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Smart Holiday Spending and Debt Repayment

 

In December, many Extension educators field questions about holiday shopping and subsequent debt repayment. Below are some tips to share with clients:

Holiday Shopping

  • Level-Set Expectations- Holiday catalogs and ads, not to mention curated social media feeds, often depict lifestyles that many people cannot afford. This makes it difficult to fight the urge to splurge. Acknowledge that FOMO (fear of missing out) is real but stress the need to “spend within your means.”
  • Curb Impulse Shopping– One way to avoid temptation is to limit time spent with “shopaholic” friends in shopping malls. In addition, it may be wise (unless items are in high demand and short supply) to wait at least a day, and up to a week, before purchasing “big ticket” items costing $500+.
  • Think Durability– How long something will last is a key factor in all holiday purchases ranging from a new electronic gadget to an article of clothing. Examine the quality of items for sale and read available product information (e.g., care instructions and the fiber content of clothes).
  • Do Pre-Purchase Homework– Newspaper ads, websites, apps, social media feeds, and online reviews are chock full of product information. Review as many sources as possible and look for money-saving deals such as early morning “doorbuster” sales, online flash sales, and limited time promo codes.

Holiday Debt Repayment

  • Check Billing Statements– Billing errors can occur around the holidays when cashiers are rushed and shoppers make multiple purchases, exchanges, and returns. Make sure that all charges are correct and that all credits for returned/exchanged items have been applied.
  • Lower Interest Rates– One way to do this is to simply contact creditors and negotiate a lower interest rate. Many will do this to keep existing customers who pay their bills on time. Another money-saving strategy is to transfer existing balances to a lower-rate credit card if the interest rate savings exceed transaction fees.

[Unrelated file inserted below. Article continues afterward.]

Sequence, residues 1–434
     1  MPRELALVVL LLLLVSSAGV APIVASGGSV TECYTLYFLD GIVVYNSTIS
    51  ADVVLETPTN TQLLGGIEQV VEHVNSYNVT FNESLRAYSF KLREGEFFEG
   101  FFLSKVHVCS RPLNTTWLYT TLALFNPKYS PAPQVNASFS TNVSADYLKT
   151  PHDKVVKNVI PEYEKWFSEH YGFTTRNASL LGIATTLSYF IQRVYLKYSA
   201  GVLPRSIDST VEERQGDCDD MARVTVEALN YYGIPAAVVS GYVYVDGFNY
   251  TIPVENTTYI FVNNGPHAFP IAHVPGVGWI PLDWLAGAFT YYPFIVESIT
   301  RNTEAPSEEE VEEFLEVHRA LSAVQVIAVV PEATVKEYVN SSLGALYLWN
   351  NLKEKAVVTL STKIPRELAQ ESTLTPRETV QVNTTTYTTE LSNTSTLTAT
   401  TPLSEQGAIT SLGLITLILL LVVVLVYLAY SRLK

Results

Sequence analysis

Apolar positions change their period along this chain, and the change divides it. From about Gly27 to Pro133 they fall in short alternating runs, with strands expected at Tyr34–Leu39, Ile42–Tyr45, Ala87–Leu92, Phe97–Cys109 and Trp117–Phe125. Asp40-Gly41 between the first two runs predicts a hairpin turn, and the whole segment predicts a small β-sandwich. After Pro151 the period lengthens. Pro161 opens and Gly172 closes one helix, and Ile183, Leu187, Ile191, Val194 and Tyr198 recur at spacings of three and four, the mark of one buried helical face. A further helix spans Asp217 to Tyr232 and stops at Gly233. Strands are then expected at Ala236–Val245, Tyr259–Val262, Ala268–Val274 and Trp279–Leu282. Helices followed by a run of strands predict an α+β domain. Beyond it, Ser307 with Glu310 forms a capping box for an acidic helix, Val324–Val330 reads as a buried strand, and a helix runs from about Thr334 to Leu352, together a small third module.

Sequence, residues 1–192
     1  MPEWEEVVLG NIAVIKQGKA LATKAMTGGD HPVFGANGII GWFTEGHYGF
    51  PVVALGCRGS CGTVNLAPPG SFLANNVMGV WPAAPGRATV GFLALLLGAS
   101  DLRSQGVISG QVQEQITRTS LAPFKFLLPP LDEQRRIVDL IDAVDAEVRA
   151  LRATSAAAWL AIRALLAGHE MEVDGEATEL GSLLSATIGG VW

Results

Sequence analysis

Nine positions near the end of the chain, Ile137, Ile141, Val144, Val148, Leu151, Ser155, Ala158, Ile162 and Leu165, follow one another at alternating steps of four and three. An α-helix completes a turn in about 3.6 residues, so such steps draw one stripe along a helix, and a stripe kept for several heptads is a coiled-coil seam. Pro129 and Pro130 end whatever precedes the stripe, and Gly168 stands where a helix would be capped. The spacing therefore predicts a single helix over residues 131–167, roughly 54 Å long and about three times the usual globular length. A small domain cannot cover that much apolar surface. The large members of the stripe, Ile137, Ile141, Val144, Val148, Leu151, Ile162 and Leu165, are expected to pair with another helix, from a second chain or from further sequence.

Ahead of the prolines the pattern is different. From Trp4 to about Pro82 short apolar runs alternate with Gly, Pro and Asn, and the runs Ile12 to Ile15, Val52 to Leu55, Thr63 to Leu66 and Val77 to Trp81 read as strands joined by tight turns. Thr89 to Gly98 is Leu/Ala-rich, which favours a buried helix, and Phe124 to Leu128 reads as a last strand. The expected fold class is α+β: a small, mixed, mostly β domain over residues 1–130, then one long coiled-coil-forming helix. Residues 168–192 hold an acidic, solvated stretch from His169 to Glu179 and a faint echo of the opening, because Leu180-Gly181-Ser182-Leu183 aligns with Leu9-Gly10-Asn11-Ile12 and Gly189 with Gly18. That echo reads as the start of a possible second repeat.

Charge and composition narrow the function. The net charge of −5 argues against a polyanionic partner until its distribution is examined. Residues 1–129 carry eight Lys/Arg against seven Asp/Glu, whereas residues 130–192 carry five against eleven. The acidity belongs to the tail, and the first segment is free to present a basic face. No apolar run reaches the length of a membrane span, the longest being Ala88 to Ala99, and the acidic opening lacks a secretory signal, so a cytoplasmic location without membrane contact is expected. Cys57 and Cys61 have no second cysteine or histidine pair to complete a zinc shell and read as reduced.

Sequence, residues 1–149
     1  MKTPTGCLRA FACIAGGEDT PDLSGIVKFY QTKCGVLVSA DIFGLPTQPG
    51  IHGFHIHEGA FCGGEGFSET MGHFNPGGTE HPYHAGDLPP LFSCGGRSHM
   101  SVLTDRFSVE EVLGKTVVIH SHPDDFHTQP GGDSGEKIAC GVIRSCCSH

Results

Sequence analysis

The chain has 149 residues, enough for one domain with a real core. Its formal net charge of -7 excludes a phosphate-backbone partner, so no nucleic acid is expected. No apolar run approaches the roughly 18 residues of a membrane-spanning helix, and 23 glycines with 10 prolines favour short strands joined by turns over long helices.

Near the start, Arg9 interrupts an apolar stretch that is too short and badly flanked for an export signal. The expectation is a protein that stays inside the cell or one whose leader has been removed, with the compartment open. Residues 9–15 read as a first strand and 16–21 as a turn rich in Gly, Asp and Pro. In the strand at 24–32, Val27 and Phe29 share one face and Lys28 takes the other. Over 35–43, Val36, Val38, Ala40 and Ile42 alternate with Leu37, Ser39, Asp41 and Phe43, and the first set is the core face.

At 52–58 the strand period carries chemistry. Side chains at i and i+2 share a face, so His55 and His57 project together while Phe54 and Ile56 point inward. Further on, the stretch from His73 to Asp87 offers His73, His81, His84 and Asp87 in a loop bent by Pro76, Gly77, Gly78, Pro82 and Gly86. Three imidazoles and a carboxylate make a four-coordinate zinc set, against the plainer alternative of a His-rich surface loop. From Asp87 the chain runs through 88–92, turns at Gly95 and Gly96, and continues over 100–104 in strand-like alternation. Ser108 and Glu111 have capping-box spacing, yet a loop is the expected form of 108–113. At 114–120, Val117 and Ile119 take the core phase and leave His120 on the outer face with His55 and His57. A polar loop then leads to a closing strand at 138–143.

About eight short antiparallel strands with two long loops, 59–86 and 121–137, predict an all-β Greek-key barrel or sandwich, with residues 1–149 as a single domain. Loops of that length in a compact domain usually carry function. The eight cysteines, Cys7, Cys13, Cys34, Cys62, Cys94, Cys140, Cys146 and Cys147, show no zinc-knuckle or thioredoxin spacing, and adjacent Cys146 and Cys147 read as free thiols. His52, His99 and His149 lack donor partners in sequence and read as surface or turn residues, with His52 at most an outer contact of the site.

• Avalanche Debt– This means paying the highest amount possible on the credit card with the highest interest rate while making at least required minimum payments on lower rate accounts until all debts are repaid. A second option is to “snowball” debt by paying the highest amount possible on debts with the smallest balances.
  • Follow the Rules– This means paying bills on time and not exceeding credit limits. Each mistake could cost as much as $30 per month. In addition, many creditors impose high penalty interest rates. If a late payment fee raises a balance over the credit limit, there could be a late fee, an over-the-limit fee, and increased interest.

Once credit cards are paid off, encourage clients to develop a savings plan for 2023 holiday expenses to eliminate holiday credit problems next year.

For additional content related to working with clients on personal financial issues, visit the OneOp Personal Finance Team. Free CEUs are available for AFCs and CPFCs through our webinars.

Written By:
Barbara O'Neill

Edited By:
Selena Garrison
Program Coordinator

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This technology is supported in part by New Technologies for Agriculture Extension grant no. 2020-41595-30123 from the USDA National Institute of Food and Agriculture and membership funding. Any opinions, findings, conclusions, or recommendations expressed in the content are those of the author(s) and do not necessarily reflect the view of the U.S. Department of Agriculture. For more information, please visit extension.org. You can view the terms of useat extension.org/terms.

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